(This would then complete feature F311 Schema definition statement.)

F812 Basic flagging

This feature means that there should be some implementation-specific facility that raises a notice or warning when a not standard-conforming SQL statement or clause is used. Or in other words a facility that warns when a PostgreSQL extension is used.

A naive implementation might consist of just adding something like elog(WARNING, "not SQL standard") in about five hundred places, but the trick would be to implement it in a way that is easy to maintain in the future. The mailing list archives also contain some discussions about this, key word "SQL flagger".

S011 Distinct data types

This is a way to define user-defined types based on existing types, like
CREATE TYPE new AS old;
Unlike domains, this way the new type does not inherit any of the functions and operators from the old type. This might sound useless at first, but it can actually create better type safety. For example, you could create a type like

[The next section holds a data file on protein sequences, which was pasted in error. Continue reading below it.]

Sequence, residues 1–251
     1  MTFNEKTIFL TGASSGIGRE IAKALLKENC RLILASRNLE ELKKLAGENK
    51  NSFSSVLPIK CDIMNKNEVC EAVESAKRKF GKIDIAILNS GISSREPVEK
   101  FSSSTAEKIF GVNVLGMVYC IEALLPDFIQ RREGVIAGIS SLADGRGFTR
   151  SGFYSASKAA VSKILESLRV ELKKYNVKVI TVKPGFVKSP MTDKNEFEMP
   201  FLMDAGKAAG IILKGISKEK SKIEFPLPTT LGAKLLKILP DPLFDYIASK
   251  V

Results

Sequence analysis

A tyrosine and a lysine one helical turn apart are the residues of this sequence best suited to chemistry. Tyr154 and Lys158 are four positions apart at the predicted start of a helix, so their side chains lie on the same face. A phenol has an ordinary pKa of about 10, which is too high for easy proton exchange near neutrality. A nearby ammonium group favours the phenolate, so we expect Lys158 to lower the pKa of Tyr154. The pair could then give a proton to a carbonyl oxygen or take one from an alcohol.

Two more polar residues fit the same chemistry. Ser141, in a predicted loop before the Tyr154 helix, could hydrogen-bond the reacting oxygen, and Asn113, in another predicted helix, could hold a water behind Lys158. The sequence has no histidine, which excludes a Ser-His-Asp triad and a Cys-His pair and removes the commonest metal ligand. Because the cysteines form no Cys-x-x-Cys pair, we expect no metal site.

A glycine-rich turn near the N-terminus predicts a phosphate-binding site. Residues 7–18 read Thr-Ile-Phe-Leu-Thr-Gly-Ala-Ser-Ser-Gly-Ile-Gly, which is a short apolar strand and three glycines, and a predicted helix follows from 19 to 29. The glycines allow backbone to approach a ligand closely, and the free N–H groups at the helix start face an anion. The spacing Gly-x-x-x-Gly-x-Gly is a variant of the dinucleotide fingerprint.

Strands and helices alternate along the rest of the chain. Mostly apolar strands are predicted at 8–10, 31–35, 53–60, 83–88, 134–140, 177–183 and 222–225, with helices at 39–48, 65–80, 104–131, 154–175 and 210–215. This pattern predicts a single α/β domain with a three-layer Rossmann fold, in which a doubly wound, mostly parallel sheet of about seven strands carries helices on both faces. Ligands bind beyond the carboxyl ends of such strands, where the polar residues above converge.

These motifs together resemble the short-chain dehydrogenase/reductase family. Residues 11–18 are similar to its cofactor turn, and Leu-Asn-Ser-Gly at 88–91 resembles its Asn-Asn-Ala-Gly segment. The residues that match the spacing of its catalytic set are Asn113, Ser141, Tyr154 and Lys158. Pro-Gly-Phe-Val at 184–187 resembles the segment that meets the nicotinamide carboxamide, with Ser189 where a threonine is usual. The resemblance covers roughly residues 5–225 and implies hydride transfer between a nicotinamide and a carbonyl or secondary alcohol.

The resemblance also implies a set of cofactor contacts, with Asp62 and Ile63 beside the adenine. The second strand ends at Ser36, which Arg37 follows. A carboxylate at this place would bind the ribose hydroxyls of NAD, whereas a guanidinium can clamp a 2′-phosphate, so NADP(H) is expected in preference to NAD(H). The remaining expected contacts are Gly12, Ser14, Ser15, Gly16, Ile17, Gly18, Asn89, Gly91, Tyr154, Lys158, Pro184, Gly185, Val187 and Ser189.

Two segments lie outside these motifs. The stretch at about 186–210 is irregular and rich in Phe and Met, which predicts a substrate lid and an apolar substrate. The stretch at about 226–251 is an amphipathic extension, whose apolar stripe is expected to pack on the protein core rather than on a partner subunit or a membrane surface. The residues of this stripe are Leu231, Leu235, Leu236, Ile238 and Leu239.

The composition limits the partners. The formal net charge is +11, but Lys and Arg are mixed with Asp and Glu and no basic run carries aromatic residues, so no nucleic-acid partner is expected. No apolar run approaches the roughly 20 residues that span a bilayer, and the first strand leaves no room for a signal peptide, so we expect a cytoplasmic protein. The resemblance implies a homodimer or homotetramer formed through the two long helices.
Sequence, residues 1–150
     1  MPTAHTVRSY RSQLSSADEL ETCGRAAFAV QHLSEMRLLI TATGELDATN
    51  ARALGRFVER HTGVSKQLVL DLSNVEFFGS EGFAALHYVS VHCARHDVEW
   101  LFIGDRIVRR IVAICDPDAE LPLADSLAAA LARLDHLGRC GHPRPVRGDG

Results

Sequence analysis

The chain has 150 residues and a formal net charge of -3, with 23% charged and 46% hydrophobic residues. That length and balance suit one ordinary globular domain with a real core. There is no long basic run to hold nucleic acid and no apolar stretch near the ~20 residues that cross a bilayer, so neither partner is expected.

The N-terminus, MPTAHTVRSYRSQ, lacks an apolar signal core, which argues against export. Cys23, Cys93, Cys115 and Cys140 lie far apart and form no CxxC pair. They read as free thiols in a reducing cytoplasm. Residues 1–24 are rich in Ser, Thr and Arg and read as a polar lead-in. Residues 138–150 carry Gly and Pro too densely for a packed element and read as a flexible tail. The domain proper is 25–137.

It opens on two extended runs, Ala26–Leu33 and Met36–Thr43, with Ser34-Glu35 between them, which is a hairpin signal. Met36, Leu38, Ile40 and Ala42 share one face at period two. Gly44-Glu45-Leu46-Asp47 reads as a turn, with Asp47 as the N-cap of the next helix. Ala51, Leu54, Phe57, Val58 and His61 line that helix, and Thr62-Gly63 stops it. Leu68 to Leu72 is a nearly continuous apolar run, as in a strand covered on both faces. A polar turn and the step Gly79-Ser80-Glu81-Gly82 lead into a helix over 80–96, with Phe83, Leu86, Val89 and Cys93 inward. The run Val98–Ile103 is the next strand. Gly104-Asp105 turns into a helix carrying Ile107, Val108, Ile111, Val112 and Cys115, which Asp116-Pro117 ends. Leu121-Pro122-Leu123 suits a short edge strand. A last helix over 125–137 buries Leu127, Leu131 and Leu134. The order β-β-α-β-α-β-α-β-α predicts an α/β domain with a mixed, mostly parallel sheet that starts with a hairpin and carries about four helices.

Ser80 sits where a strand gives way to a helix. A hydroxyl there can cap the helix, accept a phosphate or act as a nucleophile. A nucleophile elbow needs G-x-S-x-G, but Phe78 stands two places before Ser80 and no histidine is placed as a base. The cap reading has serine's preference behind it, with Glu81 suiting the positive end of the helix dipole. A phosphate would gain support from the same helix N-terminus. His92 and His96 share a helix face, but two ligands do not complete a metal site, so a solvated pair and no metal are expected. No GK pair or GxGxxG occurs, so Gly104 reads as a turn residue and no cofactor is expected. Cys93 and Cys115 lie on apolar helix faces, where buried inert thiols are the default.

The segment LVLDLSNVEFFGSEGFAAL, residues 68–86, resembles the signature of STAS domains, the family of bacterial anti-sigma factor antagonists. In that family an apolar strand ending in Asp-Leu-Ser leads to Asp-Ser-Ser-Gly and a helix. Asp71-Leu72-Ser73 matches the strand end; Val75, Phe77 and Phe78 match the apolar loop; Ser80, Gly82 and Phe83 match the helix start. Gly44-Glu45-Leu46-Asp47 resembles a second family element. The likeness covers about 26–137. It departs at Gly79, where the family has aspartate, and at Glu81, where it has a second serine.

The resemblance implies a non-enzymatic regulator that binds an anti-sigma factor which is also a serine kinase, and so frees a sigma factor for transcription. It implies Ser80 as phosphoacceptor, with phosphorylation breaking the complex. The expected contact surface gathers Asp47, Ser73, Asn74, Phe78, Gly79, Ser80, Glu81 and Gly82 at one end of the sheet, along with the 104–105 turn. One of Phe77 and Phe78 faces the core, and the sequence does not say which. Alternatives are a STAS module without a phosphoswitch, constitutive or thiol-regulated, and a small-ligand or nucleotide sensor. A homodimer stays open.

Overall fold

CREATE TYPE order_number AS int;
while preventing that someone tries to, say, multiply order numbers.

The implementation effort would probably be similar to that for domains or enums. Also, search the mailing list archives for "distinct types".

(This includes feature S011-01 USER_DEFINED_TYPES view.)

T321 Basic SQL-invoked routines

There are a number of bits missing from fully SQL-compatible SQL function definitions, besides the specific subfeatures mentioned below.
  • Instead of a routine body like AS $$ ... $$, allow one unquoted SQL statement as routine body (see example below under RETURN).
  • LANGUAGE SQL is the default.